The car in front of me at the ATM had a bumper sticker: I COLLECT MATCHBOOKS! That's infinitely better than I SELL MARY KAY COSMETICS (too commercial) or MY CHILD IS CITIZEN OF THE MONTH (too boring) or McCAIN/PALIN (too damn bad).
Still, I can't even imagine where our matchbook-collecting friend bought such a bumper sticker. Do you suppose there's a matchbook collectors' association? Do they have monthly meetings and yearly conventions in Miami -- or Buffalo? What do they even talk about? Well, perhaps they trade them like baseball cards. In fact, before I step over a line here, let it be confessed that I, in fact, used to collect matchbooks, too. True, it was during my misspent youth, and they mainly came from various dirtball bars and diners in Western New York, and I often stole from my own collection when my lighter ran out of fluid, but still, it was a collection. Well, and it's also true that there was no organization to the things. I suppose the true collector has custom-made racks for displaying his or her goods. Maybe some are so precious -- from Czechoslovakia, say, before it became the Czech Republic -- that they're kept in velvet-lined boxes, safe from damaging light and the dull gazes of the ignorant.
Most of the matchbook collections I've seen are displayed in a tasteful jumble inside a dusty, over-sized brandy snifter. There's usually a stolen beer sign blinking erratically on the wall.
My new neighbor collects key chains. Now, that's not a bad collection target. Most of them are free, and once people know you're collecting, they'll give you all the key chains you can stand. What would insurance companies do without key chains with their logos and phone numbers? I've been to a couple artcar shows that give swag bags to participants. The bags are always full of key chains. Well, and baby-doll heads, too, but that's another story.
My neighbor has strung her four-hundred-plus key chains along the top of her living room walls, sort of like Christmas tinsel. She has placed a special marker at every hundred chains so she never has to count them again. The collection is twenty years old. She's only thirty-four. She's got three miniature Etch-A-Sketches which, in my tight little World of Collections, would be illegal. Duplicates aren't fair.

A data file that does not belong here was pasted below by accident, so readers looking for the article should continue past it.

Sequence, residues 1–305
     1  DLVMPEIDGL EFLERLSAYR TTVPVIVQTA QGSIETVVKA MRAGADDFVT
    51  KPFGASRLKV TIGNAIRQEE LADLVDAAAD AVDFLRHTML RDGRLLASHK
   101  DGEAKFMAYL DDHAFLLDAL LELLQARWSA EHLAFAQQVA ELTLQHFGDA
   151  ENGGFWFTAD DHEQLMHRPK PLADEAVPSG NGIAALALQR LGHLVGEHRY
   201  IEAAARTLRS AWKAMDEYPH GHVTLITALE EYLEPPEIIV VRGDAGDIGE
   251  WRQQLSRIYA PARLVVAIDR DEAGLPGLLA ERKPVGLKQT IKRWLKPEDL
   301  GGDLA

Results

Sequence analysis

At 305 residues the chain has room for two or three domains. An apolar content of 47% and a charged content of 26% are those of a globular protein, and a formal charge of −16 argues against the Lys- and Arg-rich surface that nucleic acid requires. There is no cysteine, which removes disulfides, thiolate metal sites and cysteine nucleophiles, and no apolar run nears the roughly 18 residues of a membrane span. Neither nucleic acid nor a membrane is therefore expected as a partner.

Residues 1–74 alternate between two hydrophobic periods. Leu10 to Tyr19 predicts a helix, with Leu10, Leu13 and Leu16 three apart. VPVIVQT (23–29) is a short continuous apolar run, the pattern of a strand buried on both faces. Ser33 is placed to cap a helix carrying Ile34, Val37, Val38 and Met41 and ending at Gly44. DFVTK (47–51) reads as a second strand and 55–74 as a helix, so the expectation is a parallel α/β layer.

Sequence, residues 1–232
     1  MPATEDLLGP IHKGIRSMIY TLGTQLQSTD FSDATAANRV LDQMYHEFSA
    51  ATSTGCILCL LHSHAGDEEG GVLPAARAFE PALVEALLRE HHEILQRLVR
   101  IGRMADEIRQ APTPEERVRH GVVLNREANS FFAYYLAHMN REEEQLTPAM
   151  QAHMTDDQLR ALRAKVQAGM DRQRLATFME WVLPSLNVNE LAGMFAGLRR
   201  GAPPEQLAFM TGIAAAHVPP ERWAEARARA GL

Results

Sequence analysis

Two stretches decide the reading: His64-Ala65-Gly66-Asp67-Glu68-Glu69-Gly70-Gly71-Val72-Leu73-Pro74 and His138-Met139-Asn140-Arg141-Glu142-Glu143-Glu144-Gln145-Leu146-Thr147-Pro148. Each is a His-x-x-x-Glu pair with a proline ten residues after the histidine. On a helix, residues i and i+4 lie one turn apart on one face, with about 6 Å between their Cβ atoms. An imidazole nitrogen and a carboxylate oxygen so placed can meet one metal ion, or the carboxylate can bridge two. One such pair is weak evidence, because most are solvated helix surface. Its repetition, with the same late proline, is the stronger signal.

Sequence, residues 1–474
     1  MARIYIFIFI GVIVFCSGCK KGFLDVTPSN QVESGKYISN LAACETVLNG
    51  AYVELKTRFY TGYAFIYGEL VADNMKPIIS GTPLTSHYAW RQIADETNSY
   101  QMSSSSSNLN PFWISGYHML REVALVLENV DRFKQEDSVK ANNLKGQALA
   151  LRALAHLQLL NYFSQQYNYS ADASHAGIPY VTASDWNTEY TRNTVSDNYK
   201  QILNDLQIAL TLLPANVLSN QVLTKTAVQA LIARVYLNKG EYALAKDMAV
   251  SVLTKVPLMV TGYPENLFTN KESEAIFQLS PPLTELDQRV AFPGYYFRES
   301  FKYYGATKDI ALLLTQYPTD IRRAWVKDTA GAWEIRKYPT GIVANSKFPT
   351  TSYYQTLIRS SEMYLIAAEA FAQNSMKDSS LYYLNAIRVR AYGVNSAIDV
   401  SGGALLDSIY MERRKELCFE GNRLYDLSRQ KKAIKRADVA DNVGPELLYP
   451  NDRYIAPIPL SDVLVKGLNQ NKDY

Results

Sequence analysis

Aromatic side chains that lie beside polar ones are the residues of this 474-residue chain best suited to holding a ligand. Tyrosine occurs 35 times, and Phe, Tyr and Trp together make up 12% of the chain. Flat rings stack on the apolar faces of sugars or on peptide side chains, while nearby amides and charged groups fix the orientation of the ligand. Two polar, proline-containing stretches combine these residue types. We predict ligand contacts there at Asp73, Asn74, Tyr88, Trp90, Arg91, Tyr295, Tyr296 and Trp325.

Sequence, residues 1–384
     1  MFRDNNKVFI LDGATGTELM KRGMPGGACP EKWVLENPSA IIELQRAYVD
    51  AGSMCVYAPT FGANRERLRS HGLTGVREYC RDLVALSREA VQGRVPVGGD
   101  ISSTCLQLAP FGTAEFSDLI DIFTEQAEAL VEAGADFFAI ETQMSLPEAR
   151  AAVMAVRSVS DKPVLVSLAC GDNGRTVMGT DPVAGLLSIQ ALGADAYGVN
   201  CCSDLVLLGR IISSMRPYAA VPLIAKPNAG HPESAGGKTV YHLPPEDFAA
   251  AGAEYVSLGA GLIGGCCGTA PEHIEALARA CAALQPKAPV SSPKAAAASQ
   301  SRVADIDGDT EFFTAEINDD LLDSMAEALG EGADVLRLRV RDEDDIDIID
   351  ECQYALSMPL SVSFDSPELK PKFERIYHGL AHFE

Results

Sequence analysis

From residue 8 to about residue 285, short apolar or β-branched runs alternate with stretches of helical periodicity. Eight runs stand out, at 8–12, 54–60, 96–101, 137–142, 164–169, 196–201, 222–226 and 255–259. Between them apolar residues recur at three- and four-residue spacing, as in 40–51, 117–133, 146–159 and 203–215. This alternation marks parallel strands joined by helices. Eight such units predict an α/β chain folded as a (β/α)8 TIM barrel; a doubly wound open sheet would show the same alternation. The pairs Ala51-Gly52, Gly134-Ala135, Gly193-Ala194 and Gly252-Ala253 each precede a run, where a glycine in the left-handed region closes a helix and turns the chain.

Besides way too many pieces of paper and unwashed dishes, I only collect blue-and-white teacups. And saucers. In another era, I wouldn't have had to say "and saucers." I had a group of women over once and, with a gesture sweeping enough for any duchess, showed them my custom-made teacup (and saucer) rack and invited them to choose their favorite for the coffee I was serving. One woman chose the cup, but not the saucer. I suppose she thought it was just a short, round mug, and what the heck, that's pretty much what it is.
I've broken many of the teacups over the years both because of the aforementioned misspent youth and because of happenstance. For a while, I made it a point of honor that I never bought my own teacups. I wanted them to be gifts and souvenirs from friends and family. But every now and then, I'm in a shop and I see a cup that I simply must have, so I have it.
The trouble with a collection, though, is that it automatically makes me a Collector, and I'm pretty sure Collectors have to know something about the items they're collecting. I know only as much as is printed on the bottom of the saucer. I have one teacup that was made in "Occupied Japan." My heart stopped when I first read that. The cup was so beautiful, but the wording screamed atom bomb! death! destruction! humiliation! remorse! Well, maybe those last two are just my own. I remember thinking it seemed so petty and nasty to make the Japanese put those words on their goods. They'd already lost, for pete's sake. Why rub it in?
Here's some irony: I only drink coffee out of my teacups. And I drink my tea out of coffee mugs.
At least my collection is practical. I use the teacups and saucers every single day. But what about the impractical collections? What happens when you're truly sick of your teddy bear collection, yet people keep giving you teddy bears because, really, losing interest in a hobby is not generally signaled with announcements and fanfare? What happens, in fact, to sentences that start out as questions and yet sort of meander off into statements so that the question mark at the end seems ridiculous?
Oh. I see.